Chris Taylor takes us through the lows and lows of the ESL saga and points us to more delicious homegrown alternatives
And as soon as it arrived, it disappeared.
The European Super League was announced with no shortage of fanfare on Sunday night, and by Tuesday it was seemingly deader than the Arndale during lockdown.
We never really got a chance to find out just how evil it was going to be, but to put it into terms you might understand, it amounted to all the biggest bullies from all the schools around town ganging up to streamline the way they stole your dinner money from you. “But it’s in the middle of a pandemic!” you can imagine Rochdale or Oldham Athletic bawling as they sat scuffed and bruised in a puddle of their own blood, snot and tears.
What initially looked like a suave and straightforward coup was, by tea-time on Tuesday, looking more like a botched CIA attempt to remove Fidel Castro
Some of the biggest clubs in Europe, and Tottenham, decided that they didn’t just want to have their cake and eat it, they wanted to have their cake, your cake and our cake, and eat all those too. Big piles of cake filling the boardrooms of Europe’s largest football clubs. Executives and oligarchs rolling around in crumbs and buttercream icing, smearing jam all over their faces and suits. Outside, peering through the window, a starving football world stands and mouths incredulously: “Well this is a bit off, lads.”
If the 12 teams involved thought this was going to be a painless and quick transition of power, they read the room very badly indeed. Almost immediately, former United defender, and current Manchester hotelier, restaurateur, football club owner, TV presenter and all-round murine renaissance man Gary Neville used his Sky Sports platform to angrily and passionately denounce the plans.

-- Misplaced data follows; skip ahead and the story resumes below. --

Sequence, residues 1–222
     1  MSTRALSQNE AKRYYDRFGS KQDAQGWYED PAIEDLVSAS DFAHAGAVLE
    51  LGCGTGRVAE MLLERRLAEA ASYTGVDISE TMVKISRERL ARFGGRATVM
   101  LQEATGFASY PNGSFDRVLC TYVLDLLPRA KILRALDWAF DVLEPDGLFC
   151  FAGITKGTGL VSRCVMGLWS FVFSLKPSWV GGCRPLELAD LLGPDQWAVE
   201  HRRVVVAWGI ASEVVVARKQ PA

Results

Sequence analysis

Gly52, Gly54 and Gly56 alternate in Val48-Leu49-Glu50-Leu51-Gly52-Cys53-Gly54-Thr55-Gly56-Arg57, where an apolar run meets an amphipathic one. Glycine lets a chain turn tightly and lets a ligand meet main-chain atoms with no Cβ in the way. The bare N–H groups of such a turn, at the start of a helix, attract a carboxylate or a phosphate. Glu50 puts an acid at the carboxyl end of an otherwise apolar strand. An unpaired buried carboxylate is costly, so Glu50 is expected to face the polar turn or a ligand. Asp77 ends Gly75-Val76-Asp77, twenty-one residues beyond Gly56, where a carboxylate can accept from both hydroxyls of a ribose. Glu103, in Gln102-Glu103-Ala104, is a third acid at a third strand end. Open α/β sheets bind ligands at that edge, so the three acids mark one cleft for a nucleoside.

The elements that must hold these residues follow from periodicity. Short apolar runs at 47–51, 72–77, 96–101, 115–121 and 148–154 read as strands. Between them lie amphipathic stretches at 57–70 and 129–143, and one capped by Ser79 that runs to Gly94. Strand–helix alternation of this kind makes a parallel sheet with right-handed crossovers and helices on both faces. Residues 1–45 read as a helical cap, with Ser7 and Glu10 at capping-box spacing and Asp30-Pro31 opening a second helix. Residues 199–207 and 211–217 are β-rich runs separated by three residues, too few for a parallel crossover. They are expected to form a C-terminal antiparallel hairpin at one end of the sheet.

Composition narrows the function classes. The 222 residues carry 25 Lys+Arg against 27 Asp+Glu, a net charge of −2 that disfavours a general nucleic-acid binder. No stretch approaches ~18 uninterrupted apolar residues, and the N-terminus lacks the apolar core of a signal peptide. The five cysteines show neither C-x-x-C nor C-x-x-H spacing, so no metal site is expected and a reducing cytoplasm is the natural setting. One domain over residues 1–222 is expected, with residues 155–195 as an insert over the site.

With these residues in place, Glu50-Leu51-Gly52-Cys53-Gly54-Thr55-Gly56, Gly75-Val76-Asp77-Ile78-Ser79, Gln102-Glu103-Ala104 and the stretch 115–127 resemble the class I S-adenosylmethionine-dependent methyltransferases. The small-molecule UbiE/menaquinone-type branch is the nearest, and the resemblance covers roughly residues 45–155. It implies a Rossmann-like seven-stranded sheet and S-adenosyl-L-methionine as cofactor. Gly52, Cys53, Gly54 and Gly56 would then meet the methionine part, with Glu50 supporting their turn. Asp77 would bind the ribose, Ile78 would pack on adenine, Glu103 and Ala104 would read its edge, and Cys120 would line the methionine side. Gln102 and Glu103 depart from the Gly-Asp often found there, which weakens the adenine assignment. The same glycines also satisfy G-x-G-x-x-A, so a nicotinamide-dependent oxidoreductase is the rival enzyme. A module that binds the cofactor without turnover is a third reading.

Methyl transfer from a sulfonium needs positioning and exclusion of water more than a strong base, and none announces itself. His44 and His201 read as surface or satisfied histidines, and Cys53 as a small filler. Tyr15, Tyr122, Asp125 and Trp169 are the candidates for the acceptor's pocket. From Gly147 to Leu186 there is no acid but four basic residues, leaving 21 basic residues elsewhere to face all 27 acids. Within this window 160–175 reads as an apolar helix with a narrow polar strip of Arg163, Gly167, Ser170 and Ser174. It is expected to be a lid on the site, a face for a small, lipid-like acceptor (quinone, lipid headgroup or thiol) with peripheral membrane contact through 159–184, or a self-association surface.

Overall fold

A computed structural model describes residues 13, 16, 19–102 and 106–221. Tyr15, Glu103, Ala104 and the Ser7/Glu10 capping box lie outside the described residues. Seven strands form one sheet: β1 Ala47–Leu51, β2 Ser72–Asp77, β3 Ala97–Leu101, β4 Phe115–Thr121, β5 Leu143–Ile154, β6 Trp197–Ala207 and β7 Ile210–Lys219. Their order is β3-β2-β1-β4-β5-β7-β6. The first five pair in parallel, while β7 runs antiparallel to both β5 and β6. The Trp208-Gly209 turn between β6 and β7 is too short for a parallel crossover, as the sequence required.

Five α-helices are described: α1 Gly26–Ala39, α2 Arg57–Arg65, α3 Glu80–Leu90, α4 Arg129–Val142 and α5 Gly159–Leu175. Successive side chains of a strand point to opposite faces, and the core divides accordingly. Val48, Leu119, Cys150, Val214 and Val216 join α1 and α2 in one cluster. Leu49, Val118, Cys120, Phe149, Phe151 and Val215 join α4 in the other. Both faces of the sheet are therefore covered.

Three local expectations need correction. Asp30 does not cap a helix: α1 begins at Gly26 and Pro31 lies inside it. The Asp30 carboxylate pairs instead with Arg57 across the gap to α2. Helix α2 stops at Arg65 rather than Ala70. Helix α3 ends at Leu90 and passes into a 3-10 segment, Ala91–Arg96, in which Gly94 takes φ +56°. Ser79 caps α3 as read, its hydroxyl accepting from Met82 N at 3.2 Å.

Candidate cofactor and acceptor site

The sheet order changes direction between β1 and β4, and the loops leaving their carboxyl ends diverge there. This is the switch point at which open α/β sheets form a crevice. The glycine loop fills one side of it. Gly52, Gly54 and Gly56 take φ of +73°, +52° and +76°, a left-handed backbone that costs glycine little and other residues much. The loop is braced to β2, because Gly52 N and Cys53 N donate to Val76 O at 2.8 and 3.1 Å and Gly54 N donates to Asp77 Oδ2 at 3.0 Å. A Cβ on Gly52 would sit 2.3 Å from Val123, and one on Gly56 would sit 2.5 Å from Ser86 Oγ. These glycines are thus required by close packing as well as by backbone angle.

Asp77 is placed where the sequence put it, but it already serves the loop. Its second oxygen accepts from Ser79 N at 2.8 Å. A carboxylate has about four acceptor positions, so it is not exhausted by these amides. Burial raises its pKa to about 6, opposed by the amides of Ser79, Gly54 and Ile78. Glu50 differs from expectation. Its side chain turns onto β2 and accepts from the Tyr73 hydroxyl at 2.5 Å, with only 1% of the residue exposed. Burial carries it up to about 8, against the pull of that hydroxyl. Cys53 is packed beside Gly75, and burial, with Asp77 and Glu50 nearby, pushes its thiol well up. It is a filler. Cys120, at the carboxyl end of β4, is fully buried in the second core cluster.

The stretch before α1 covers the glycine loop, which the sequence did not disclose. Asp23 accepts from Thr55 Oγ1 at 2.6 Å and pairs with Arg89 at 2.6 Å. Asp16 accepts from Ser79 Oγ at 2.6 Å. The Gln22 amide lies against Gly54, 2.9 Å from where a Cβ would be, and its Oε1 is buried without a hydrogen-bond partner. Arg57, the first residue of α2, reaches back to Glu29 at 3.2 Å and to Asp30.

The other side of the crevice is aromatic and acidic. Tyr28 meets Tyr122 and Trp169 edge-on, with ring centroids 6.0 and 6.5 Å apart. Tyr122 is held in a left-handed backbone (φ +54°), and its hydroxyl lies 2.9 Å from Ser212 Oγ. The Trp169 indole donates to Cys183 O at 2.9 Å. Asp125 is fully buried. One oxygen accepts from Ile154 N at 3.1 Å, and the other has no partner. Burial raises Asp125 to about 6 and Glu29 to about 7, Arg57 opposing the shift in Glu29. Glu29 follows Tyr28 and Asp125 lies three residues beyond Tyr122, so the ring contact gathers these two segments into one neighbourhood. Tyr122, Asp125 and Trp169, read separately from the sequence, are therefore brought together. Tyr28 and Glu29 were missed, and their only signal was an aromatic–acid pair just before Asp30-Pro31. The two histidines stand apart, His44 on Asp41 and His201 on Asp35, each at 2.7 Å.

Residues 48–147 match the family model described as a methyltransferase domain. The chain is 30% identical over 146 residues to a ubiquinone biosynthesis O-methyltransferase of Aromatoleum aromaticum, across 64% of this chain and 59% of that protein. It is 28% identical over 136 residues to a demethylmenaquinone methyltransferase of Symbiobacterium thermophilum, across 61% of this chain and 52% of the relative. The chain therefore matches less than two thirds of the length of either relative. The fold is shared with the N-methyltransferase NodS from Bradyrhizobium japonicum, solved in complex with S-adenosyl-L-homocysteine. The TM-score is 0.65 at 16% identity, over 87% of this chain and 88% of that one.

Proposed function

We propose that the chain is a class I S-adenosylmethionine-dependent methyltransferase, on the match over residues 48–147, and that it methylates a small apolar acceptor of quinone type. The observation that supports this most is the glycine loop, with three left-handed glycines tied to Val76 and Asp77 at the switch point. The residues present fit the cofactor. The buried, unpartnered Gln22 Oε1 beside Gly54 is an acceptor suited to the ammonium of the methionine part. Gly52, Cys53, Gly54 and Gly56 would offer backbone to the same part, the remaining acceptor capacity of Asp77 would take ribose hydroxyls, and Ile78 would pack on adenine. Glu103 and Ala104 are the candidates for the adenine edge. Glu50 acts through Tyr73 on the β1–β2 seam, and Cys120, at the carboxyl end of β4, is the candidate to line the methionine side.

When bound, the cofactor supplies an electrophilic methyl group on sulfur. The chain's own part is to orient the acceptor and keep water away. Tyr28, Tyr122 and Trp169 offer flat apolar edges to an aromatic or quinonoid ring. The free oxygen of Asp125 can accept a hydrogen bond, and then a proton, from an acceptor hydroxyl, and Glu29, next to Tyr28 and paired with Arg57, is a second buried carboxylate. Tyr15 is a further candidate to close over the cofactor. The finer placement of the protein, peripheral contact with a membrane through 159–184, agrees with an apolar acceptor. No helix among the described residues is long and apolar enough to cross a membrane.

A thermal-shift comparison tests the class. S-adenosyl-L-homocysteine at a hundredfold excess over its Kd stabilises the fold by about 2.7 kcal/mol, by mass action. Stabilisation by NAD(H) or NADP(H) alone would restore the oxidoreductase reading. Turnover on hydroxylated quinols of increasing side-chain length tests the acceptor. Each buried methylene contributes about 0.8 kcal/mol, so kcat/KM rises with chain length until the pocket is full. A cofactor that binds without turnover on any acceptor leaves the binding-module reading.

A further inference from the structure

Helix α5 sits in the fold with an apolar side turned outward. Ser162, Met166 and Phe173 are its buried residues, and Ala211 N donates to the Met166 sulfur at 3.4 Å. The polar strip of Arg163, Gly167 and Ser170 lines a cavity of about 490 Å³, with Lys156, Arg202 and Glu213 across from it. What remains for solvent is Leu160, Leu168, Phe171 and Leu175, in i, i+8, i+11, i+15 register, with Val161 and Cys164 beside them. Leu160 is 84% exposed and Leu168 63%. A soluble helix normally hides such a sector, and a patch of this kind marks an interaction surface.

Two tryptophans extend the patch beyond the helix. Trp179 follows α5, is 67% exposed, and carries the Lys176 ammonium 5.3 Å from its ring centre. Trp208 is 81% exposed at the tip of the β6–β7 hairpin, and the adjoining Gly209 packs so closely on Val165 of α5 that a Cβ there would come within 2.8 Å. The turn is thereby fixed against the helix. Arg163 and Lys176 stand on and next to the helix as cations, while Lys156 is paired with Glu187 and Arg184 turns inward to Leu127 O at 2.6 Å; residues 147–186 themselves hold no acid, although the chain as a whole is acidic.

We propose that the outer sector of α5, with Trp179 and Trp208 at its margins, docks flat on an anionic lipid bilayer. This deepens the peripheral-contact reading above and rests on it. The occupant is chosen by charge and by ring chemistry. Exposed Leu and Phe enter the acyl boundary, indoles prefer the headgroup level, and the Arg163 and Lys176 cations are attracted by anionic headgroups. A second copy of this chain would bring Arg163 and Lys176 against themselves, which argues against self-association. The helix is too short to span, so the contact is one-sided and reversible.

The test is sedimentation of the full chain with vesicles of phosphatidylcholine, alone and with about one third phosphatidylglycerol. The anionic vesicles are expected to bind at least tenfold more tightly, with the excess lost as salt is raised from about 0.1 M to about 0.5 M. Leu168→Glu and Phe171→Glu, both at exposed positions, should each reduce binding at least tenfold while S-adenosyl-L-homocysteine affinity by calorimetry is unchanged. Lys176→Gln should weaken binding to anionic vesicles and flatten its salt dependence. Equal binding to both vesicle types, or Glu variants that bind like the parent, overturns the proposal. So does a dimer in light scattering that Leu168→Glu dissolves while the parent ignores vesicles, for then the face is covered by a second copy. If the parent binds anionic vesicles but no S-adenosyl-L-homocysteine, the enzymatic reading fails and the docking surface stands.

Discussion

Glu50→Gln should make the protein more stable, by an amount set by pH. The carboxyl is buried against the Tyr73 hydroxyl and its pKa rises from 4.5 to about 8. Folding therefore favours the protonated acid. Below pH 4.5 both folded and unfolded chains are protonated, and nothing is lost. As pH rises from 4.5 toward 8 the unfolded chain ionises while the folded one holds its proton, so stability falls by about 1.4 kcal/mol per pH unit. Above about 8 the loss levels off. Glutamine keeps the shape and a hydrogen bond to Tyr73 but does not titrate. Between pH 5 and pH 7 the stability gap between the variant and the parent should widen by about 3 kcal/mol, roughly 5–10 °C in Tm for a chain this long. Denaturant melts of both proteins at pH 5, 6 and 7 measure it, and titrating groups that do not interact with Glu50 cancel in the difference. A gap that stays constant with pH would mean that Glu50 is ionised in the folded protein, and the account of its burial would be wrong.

Shortly afterwards both UEFA and the Premier League announced that all teams taking part would be kicked out of their competitions. Fans began protesting. Players had their say. What initially looked like a suave and straightforward coup was, by tea-time on Tuesday, looking more like a botched CIA attempt to remove Fidel Castro using remote-controlled pigeons and exploding cigars.
After City manager Pep Guardiola publicly criticised the ESL, City officially withdrew. Manchester United released a statement saying their unpopular chairman Edward Woodward would be stepping down at the end of the season. Rumours circulated that he was confronted by angry players, with several, including de facto leader of the opposition Marcus Rashford, taking to social media to voice their belief that the whole thing was a load of bobbins.
Then, at 11pm, they followed their rivals and neighbours by binning the whole thing off.
That’s where we are now. The ESL stands in confused and muddy ruins, with all six English teams involved having withdrawn, and others set to follow. Despite their victory, UEFA and the Premier League are both corrupt and venal organisations that only seemed to discover a sense of integrity when their bank balance was threatened.
Now that threat has been publicly humiliated, waddling off into the distance with its pants around its ankles, and the righteous fury of the fans and players has dissipated, they are both free to go back to what they do best: Exploiting the game for their own means.
Football at the top level, I’m afraid, will continue to eat itself. A dark, moral abyss. A shameful corporate boondoggle. A never-ending carousel of greed and exploitation, occasionally punctuated by moments of ecstatic delirium as Kevin De Bruyne or Bruno Fernandes biffs one in from distance. For many, the curtain was pulled back this week and they got a peek at the Wizard. To their visceral disgust he was more Paul Daniels than Gandalf the Grey.
More and more fans are getting fed up with top-flight football and looking for an organic, free-range artisanal substitute. Free from greed, shame and expensive tickets. Wholesome, pure, not as easy on the eye, but it doesn’t matter because you can drink beer on the terraces.
Confidentials looks at the best local alternatives to our city’s grubby footballing behemoths.
FC United of Manchester
Northern Premier League